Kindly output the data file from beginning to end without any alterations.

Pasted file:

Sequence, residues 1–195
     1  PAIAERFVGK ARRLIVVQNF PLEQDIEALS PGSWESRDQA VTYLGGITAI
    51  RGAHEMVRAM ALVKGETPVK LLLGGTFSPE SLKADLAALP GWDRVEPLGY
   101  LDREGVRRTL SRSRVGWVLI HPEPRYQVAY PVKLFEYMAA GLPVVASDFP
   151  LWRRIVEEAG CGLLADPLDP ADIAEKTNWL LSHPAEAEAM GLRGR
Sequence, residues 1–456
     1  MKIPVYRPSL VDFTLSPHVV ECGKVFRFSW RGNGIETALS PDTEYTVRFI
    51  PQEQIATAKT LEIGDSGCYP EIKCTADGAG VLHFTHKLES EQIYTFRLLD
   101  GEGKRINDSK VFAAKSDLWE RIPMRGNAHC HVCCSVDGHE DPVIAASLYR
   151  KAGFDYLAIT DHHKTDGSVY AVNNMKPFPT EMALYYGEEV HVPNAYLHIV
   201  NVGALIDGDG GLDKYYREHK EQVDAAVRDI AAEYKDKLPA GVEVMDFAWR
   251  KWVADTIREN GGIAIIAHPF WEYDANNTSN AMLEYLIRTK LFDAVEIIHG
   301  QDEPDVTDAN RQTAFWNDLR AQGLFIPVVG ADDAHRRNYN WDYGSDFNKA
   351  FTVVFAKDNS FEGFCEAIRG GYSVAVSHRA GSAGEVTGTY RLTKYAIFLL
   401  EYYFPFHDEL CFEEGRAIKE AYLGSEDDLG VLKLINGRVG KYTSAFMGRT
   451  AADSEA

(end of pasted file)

Sequence, residues 1–195
     1  PAIAERFVGK ARRLIVVQNF PLEQDIEALS PGSWESRDQA VTYLGGITAI
    51  RGAHEMVRAM ALVKGETPVK LLLGGTFSPE SLKADLAALP GWDRVEPLGY
   101  LDREGVRRTL SRSRVGWVLI HPEPRYQVAY PVKLFEYMAA GLPVVASDFP
   151  LWRRIVEEAG CGLLADPLDP ADIAEKTNWL LSHPAEAEAM GLRGR
Sequence, residues 1–456
     1  MKIPVYRPSL VDFTLSPHVV ECGKVFRFSW RGNGIETALS PDTEYTVRFI
    51  PQEQIATAKT LEIGDSGCYP EIKCTADGAG VLHFTHKLES EQIYTFRLLD
   101  GEGKRINDSK VFAAKSDLWE RIPMRGNAHC HVCCSVDGHE DPVIAASLYR
   151  KAGFDYLAIT DHHKTDGSVY AVNNMKPFPT EMALYYGEEV HVPNAYLHIV
   201  NVGALIDGDG GLDKYYREHK EQVDAAVRDI AAEYKDKLPA GVEVMDFAWR
   251  KWVADTIREN GGIAIIAHPF WEYDANNTSN AMLEYLIRTK LFDAVEIIHG
   301  QDEPDVTDAN RQTAFWNDLR AQGLFIPVVG ADDAHRRNYN WDYGSDFNKA
   351  FTVVFAKDNS FEGFCEAIRG GYSVAVSHRA GSAGEVTGTY RLTKYAIFLL
   401  EYYFPFHDEL CFEEGRAIKE AYLGSEDDLG VLKLINGRVG KYTSAFMGRT
   451  AADSEA